Hidden beneath the lights and glamor of Las Vegas’ iconic strip is a much darker side of Sin City than what tourists are used to. Vegas’ sprawling tunnel system is home to 300 to 400 people who have built lives for themselves underground.
In the 1990s, the city began construction on storm-drainage tunnels to prevent against flash floods. Two hundred miles of flood tunnels were built, and today they house much of Las Vegas’ homeless population. Many of them are veterans suffering from PTSD. Others came to Las Vegas in search of a better life and fell onto hard times. The tunnels are largely ignored by police, and a peek inside shows evidence of life at every turn. One section has been transformed into something of an art gallery with detailed graffiti filling the walls. Another space houses a couple who have fully furnished the 400 square-foot room with a wardrobe, a double bed, and a bookshelf that holds a small library of salvaged books.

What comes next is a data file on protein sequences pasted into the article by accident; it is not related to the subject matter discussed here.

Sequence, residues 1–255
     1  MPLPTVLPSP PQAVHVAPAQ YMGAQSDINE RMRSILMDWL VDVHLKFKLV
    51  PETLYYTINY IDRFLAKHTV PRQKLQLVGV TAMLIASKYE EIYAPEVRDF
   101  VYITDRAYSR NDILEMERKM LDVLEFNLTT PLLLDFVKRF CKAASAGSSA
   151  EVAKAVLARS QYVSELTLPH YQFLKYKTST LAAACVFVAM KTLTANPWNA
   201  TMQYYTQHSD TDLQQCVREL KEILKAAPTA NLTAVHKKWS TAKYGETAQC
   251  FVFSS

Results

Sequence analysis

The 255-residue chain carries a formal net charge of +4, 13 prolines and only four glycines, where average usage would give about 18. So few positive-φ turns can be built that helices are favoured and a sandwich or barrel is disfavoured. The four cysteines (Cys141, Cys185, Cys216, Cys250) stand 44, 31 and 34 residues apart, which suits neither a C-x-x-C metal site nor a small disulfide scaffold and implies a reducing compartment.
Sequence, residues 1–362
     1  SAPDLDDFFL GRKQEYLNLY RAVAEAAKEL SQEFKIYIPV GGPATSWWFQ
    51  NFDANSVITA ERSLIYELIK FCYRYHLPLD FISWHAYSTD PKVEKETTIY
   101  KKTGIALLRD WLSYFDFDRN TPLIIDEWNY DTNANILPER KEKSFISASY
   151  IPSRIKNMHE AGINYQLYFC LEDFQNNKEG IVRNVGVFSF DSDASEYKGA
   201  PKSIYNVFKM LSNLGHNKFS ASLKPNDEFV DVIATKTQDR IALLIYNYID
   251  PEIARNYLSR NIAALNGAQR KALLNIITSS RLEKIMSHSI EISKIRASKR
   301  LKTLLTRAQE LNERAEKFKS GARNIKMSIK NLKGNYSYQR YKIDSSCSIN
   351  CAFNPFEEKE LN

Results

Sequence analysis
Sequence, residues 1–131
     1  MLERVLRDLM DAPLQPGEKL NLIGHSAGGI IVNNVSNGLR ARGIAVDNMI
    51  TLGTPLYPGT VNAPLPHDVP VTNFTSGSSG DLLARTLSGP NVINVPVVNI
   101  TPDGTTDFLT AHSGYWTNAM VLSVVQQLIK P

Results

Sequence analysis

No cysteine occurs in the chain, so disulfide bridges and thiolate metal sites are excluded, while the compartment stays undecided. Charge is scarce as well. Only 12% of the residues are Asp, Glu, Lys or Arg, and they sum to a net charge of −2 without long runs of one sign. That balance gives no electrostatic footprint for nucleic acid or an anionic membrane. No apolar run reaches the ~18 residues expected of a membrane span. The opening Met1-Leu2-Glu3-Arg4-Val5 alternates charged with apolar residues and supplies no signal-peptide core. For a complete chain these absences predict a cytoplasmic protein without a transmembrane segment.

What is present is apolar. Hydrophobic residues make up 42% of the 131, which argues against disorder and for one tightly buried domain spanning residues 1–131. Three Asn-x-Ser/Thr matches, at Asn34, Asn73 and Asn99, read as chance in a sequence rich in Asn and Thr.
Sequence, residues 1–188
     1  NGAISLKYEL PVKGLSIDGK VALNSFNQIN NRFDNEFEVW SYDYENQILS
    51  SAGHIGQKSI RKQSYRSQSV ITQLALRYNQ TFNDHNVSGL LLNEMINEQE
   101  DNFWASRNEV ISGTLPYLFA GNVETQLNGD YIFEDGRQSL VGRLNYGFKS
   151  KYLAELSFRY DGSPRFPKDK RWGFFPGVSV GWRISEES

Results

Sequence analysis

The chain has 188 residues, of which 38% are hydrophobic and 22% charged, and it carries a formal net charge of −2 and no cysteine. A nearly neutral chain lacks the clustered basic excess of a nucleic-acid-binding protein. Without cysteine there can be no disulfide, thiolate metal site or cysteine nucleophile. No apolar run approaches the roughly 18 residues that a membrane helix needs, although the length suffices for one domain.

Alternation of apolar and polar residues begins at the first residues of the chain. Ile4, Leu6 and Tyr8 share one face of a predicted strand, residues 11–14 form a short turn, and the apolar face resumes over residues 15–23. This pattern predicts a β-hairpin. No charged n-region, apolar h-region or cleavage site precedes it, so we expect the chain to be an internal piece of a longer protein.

Such elaborate living spaces become problematic whenever the flood tunnels are used for their original purpose. Rain water can flow through the tunnels and wash away the residents' belongings, which one dweller referred to as “flushing the toilet.”
After journalist Matthew O’Brien discovered the Las Vegas tunnels when reporting a story, he founded the Shine a Light project to provide food, clothing, services, and more to the city’s underground homeless population. Together with HELP of Southern Nevada, they set up people in desperate situations with alternative housing and the attention they need. If you win big on your next trip to Vegas—or not—consider making a donation at helpsonv.org.
[h/t: Daily Mail]